On Wednesday, you probably saw a few people with ash marks on their foreheads. You probably asked them what it meant, and they probably gave a quick answer - "Ash Wednesday." If you had the courage and time to ask about its significance, history, and theological implication, you probably may have gotten a blank stare.
Also with Ash Wednesday, there's two more words you will be hearing a lot - Fat Tuesday and Lent. I'll do my best to explain these terms, since the Lent practices have evolved over the centuries.
A Long Time Ago...
No one knows exactly when the ritual of Lent came along (it is not in the Bible), but Church Historians agree it came within the first four hundred years after Jesus' death and resurrection.
There were many people who wanted to become followers of Jesus, and many planned to make their public declaration (baptism) on Easter. This seems to be fitting, since baptism was practiced as going under water (symbolically, dying to your old self) and coming out of the water (symbolically, resurrecting to your new self). Easter was the day of Christ's resurrection. What better day to get baptized, right?
As a way to prepare for their baptism day, the church required these people to give something up (typically something they enjoyed) for 40 days (although some historians argue that the original requirement was only a couple days), so that there would be even more enjoyment and celebration when they were able to partake in it on Easter. This period of time is called lent, which is actually 47-48 days; more on that later. According to earliest records, these rituals were taken very seriously - some were restricted to eat only once a day, and when they were finally able to have a meal, it could not include any proteins.
Why 48 Days?
The fast was designated by the significance of the number forty in the Bible. As seen in the biblical examples of the 40-day flood, 40-year wandering, 40-day fast of Christ, etc., forty seems to signify challenge and change in the Bible. Since the original intent of lent was to develop discipline amongst the soon-to-be-Christians, the early church thought this was a great amount of days for this ritual.
There were some theologians who had issues with this practice. Why do we have to suffer on a Sunday, the Lord's Day? The Christians considered Sunday's to be a special day - the day Jesus rose from the dead. It was supposed to be a day of celebration (which is why we celebrate our sabbath on Sunday rather than Saturday). How can we celebrate when we cannot eat?
For this reason, people were allowed to break their fast on Sundays, only to get back to abstaining from meat (and eating only once a day) on Monday. Therefore, if you pull out your calendar and count back 40 days from Easter skipping every Sunday, you should land on a Wednesday. This day will be the first day of your "40-day" fast. This day is called Ash Wednesday.
Ash Wednesday and Fat Tuesday
If Ash Wednesday is the start of your fast, then some felt the need to indulge in whatever they were going to miss. Often, this was meat. So, many people will eat as much meat as they can on Tuesday, thus the title. In modern days, Fat Tuesday is also associated with Mardi Gras, where people indulge in their pleasures. By the way, the word "carnival" came from such practices. "Carni" means meat, and "vale" means farewell. I think this originally meant "farewell to our flesh" while most people tend to understand this as "farewell meat, so let's enjoy it as much as we can, while we can!"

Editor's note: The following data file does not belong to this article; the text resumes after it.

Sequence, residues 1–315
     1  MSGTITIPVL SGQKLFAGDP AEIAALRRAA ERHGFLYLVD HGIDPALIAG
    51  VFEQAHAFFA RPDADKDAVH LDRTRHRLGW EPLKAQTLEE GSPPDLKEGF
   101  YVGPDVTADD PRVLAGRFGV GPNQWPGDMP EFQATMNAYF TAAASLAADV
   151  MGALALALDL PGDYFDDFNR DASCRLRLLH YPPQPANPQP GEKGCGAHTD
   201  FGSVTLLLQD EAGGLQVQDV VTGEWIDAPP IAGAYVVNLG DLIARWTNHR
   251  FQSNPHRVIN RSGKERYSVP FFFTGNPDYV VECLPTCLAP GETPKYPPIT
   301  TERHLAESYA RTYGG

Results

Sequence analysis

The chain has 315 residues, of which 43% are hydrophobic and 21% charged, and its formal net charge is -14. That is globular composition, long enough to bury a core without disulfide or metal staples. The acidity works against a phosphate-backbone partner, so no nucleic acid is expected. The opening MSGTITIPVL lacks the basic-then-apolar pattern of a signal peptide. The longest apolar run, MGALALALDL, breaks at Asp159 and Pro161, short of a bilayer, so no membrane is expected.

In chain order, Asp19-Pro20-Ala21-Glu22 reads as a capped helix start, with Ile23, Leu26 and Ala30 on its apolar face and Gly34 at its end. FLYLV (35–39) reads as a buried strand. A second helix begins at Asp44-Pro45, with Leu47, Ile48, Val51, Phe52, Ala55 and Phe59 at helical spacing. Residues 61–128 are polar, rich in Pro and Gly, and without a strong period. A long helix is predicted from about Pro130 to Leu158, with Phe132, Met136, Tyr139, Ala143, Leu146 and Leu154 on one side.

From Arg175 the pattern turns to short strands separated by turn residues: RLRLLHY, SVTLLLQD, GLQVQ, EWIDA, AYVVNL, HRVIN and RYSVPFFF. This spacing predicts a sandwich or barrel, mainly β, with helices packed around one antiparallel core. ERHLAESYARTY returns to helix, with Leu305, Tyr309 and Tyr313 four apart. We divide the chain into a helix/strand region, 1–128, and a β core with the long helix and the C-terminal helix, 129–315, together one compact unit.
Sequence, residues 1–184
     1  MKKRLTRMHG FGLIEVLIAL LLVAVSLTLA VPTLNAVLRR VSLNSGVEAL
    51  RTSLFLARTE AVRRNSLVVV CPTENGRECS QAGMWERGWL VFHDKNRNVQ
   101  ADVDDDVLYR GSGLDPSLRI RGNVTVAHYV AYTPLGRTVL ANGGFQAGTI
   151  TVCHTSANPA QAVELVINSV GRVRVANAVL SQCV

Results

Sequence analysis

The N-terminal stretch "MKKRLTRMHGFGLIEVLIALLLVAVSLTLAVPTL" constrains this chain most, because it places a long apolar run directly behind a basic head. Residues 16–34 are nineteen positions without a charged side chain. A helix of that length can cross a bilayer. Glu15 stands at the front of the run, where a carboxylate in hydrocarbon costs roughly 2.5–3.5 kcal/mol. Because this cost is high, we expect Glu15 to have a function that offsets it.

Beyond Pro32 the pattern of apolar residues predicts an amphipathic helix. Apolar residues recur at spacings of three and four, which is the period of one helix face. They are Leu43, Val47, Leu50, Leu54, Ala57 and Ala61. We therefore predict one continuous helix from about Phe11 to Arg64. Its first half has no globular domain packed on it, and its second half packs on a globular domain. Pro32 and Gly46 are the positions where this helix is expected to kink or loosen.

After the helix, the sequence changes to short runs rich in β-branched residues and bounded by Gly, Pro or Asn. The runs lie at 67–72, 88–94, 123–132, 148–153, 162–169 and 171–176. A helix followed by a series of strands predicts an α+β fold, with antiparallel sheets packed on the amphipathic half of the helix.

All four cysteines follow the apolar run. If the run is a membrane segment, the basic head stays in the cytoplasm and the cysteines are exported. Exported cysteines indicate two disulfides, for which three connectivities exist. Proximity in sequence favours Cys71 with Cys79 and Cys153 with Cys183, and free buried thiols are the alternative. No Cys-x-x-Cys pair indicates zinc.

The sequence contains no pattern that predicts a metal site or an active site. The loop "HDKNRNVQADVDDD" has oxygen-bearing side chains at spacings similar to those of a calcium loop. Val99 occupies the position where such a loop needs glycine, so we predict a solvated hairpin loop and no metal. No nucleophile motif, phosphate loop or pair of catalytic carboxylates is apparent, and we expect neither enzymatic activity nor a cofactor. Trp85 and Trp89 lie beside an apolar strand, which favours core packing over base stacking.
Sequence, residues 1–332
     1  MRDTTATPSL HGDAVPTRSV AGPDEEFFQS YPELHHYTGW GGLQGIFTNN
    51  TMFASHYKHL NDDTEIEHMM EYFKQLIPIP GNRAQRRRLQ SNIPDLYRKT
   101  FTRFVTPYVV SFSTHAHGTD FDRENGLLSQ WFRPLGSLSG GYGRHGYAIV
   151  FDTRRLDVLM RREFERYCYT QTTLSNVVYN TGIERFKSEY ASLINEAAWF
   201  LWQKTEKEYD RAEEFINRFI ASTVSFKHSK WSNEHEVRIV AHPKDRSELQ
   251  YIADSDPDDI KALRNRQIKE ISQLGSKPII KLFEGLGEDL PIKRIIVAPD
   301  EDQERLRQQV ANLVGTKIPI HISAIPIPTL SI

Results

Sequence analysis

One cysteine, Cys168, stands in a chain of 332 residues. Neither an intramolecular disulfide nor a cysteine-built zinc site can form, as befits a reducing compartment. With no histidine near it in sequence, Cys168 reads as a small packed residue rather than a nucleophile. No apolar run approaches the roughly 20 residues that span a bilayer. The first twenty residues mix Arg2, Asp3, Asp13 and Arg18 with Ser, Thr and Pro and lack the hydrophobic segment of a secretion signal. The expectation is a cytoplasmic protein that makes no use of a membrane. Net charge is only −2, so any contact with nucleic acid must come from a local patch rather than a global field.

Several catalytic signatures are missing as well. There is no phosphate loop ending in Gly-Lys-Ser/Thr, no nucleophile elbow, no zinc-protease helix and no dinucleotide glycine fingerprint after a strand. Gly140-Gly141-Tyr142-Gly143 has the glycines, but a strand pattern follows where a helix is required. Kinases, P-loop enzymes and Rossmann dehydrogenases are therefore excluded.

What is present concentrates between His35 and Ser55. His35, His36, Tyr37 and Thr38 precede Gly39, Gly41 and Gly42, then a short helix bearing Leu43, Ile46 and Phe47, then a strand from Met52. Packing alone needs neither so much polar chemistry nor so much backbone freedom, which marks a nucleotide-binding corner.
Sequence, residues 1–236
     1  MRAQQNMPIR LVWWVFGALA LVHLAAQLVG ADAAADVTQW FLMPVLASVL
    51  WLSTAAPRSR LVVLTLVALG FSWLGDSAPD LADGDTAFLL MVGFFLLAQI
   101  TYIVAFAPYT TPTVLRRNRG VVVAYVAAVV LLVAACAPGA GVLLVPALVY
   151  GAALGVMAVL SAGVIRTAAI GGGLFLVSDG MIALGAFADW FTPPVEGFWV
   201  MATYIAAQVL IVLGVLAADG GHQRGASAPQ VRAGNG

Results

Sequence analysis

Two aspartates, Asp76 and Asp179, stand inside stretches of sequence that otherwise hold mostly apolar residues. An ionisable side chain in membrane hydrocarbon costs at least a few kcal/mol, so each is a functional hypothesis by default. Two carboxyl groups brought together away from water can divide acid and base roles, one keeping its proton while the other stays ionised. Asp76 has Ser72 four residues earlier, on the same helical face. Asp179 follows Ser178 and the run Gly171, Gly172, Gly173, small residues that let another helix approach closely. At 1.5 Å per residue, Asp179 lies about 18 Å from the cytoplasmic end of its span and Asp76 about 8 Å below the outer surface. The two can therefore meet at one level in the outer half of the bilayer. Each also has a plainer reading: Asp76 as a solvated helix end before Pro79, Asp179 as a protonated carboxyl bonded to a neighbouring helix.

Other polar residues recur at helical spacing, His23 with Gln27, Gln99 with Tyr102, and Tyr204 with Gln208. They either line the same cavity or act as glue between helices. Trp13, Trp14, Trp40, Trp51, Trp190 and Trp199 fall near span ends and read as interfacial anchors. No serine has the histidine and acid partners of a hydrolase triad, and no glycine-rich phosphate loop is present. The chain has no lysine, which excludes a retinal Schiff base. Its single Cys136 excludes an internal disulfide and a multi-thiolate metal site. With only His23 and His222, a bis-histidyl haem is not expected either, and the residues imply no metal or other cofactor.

So, why do we use ashes? This has a long history, dating back to the Old Testament. Legend says that this tradition came from families using wood-fires to keep warm inside the house. With much in-house fires, managing the ashes became a full time chore. Most were able to clean their homes before guests came, but when you were facing troubling days, you wouldn't have the time to clean the ashes off your face.
Thus, the imagery of ashes on faces became synonymous with sadness and repentance (some believed sadness comes with a lesson from God, which usually led to repenting of your sins).
The early church used this imagery of repentance with lent. This is why people have ashes on their heads or has a symbol of the cross written with ashes.
Interesting fact: In most churches, the ashes are made from the palm branches they used in their Palm Sunday service from the prior year.
Today, lent is not only for those who are considering becoming Christians. As a matter of fact, I don't know of anyone who practices this ritual who isn't already Christian. When I ask Christian college students about why they partake in lent, they say, "Everytime I crave (fill in the blank), it becomes a reminder to me to remember Jesus' sacrifice on the cross." While this wasn't the original intent, it is certainly honorable.
In 2016, the most given-up item for lent is school. I think this completely misses the reasoning behind the ritual. In second place is chocolate, then social media and swearing. Very creative!
Are you going to participate in lent this year? If so, what are you planning on giving up?